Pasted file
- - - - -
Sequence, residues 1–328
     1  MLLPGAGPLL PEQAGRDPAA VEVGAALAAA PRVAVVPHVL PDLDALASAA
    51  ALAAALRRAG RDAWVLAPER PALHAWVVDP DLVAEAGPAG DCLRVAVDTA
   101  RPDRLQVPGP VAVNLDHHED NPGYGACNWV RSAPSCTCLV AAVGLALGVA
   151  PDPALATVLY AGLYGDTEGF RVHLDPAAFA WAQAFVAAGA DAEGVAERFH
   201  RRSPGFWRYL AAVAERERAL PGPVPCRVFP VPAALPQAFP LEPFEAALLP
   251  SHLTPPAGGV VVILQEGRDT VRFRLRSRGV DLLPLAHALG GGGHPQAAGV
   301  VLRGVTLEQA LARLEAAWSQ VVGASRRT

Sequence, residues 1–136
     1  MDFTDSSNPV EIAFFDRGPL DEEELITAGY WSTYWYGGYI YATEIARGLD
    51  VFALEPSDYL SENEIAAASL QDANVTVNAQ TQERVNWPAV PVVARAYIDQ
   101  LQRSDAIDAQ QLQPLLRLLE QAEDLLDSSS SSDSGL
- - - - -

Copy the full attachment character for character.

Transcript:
Sequence, residues 1–328
     1  MLLPGAGPLL PEQAGRDPAA VEVGAALAAA PRVAVVPHVL PDLDALASAA
    51  ALAAALRRAG RDAWVLAPER PALHAWVVDP DLVAEAGPAG DCLRVAVDTA
   101  RPDRLQVPGP VAVNLDHHED NPGYGACNWV RSAPSCTCLV AAVGLALGVA
   151  PDPALATVLY AGLYGDTEGF RVHLDPAAFA WAQAFVAAGA DAEGVAERFH
   201  RRSPGFWRYL AAVAERERAL PGPVPCRVFP VPAALPQAFP LEPFEAALLP
   251  SHLTPPAGGV VVILQEGRDT VRFRLRSRGV DLLPLAHALG GGGHPQAAGV
   301  VLRGVTLEQA LARLEAAWSQ VVGASRRT

Sequence, residues 1–136
     1  MDFTDSSNPV EIAFFDRGPL DEEELITAGY WSTYWYGGYI YATEIARGLD
    51  VFALEPSDYL SENEIAAASL QDANVTVNAQ TQERVNWPAV PVVARAYIDQ
   101  LQRSDAIDAQ QLQPLLRLLE QAEDLLDSSS SSDSGL